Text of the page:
The advertising industry knows how to milk an idea and run with it until it is as dead as Burke and Wills’ last camel, as anyone who has switched on a television, radio computer recently might know. Sam Kekovich isn’t dead by a long shot, but for the eighth year in succession he barks his way in an obnoxious monotone through a sea of bad puns in the Australia Day lamb campaign. It’s done to death, like a barbecue chop that has fallen into the coals. Throw it to the dog.
But don’t let the campaign put you off. Buy a lamb rack and light the barbecue. These long warm nights won't last forever. Go outside and enjoy the aroma of barbecued lamb with a hint of mint and garlic drifting across the garden.
The mint is reaching for the sky in its captive cell in the back garden, so let’s use some. Pick a dozen sprigs of mint and use these to line a large square of foil. Place the lamb rack on the mint. Give it a generous squirt of vinegar, and a good shake of salt. Toss in a few unpeeled cloves of garlic. Now wrap the rack carefully in the foil, overlapping the edges.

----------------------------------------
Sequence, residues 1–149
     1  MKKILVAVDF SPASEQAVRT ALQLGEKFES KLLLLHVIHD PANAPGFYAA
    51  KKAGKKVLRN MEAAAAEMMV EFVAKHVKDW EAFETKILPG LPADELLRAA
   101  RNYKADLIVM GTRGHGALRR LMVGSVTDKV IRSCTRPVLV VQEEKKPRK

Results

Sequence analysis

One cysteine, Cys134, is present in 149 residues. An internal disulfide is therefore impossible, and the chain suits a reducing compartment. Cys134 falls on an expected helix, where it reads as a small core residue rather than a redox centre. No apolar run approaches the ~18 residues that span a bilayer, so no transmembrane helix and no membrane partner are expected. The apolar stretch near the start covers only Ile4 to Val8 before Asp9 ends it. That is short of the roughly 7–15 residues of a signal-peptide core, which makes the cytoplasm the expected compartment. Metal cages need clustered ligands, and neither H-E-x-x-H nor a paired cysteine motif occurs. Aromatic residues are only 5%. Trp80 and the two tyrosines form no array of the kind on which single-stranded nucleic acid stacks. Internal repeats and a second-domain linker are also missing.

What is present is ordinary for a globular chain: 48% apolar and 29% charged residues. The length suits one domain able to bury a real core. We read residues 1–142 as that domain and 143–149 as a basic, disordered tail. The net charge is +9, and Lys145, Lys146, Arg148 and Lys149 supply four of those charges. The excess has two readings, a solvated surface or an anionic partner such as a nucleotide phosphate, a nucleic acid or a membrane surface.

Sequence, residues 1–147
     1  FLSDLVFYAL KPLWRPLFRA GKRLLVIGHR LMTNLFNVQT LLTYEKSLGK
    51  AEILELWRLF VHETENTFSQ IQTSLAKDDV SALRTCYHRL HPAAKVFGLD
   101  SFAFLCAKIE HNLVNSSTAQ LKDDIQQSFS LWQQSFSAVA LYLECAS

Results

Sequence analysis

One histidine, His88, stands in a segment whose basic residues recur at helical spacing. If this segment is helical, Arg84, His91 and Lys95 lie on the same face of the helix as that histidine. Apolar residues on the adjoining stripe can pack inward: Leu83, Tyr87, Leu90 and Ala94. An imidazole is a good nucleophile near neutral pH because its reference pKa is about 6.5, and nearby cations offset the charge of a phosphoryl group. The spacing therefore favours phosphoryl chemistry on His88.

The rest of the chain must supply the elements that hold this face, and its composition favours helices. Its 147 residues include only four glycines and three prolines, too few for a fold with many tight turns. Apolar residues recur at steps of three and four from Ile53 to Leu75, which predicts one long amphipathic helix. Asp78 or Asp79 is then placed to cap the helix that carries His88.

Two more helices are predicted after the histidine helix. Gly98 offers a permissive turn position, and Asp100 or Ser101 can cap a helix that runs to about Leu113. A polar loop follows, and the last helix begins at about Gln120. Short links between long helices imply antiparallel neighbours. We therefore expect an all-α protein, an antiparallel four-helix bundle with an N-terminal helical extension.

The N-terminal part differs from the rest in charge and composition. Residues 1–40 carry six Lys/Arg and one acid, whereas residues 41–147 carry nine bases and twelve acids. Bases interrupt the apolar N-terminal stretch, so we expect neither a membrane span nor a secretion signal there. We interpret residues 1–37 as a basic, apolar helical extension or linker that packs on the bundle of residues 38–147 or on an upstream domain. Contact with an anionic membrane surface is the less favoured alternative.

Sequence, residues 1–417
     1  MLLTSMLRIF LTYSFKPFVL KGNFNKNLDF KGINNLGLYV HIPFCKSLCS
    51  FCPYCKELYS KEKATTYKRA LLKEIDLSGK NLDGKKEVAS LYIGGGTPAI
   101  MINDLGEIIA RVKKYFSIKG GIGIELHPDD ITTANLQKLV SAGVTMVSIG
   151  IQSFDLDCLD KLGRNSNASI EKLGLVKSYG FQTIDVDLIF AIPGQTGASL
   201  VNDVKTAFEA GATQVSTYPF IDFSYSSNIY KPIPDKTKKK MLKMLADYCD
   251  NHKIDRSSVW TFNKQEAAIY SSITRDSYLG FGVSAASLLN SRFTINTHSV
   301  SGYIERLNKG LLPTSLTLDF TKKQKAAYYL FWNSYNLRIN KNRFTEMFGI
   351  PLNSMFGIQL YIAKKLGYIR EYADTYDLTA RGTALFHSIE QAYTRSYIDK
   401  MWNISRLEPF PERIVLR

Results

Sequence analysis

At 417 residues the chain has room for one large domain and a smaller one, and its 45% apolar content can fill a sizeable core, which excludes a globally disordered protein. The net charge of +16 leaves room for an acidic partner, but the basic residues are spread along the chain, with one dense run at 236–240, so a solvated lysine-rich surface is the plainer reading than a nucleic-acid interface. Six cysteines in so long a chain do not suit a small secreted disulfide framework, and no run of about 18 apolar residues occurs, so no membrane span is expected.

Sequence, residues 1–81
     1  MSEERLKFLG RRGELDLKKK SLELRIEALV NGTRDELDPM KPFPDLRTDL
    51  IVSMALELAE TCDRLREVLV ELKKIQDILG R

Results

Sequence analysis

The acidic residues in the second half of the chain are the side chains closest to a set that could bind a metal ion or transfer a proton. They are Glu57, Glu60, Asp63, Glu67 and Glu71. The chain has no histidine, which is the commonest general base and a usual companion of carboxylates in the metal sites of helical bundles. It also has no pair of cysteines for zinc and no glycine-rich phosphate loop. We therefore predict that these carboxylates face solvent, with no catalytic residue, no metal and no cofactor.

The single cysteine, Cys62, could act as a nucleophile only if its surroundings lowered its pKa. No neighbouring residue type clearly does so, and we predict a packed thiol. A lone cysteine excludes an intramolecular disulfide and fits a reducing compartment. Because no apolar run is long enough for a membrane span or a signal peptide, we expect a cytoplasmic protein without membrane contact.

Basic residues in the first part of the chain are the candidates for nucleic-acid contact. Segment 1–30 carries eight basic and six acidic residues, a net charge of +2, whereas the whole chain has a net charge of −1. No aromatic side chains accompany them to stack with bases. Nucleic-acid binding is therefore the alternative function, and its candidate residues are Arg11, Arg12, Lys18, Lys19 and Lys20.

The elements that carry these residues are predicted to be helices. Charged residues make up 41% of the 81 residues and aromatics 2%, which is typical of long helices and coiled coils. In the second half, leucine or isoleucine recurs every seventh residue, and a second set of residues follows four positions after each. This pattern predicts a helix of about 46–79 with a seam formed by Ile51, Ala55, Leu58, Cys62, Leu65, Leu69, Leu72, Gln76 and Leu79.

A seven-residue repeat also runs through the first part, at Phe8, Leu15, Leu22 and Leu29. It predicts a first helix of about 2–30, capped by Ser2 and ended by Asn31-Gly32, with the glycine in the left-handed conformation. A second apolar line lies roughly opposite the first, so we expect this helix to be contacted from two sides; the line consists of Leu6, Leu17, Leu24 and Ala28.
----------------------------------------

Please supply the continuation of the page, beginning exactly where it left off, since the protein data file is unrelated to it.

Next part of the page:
Place it on the barbecue slightly offset to the hottest area and bone-side up. Place a large lid over it. Place some parboiled whole small potatoes under the lid, around the rack. Lift the lid after thirty minutes. Depending on size, barbecue heat, distance of grill from coals, number of drinks you’ve had, phase of the moon, time of day etc etc, the lamb should be rare and the potatoes should be done and redolent of garlic and mint.
Remove the foil from the lamb, and place it back on the grill to sear. This stage is optional. I like at rare and unseared. Remove and rest ten minutes, then carve into individual rib chops. Serve on a bed of more fresh mint with the potatoes on the side, and a sauce of minted yogurt (shred mint, fold through greek-style yogurt) to accompany. A green salad with asparagus. Cold white wine.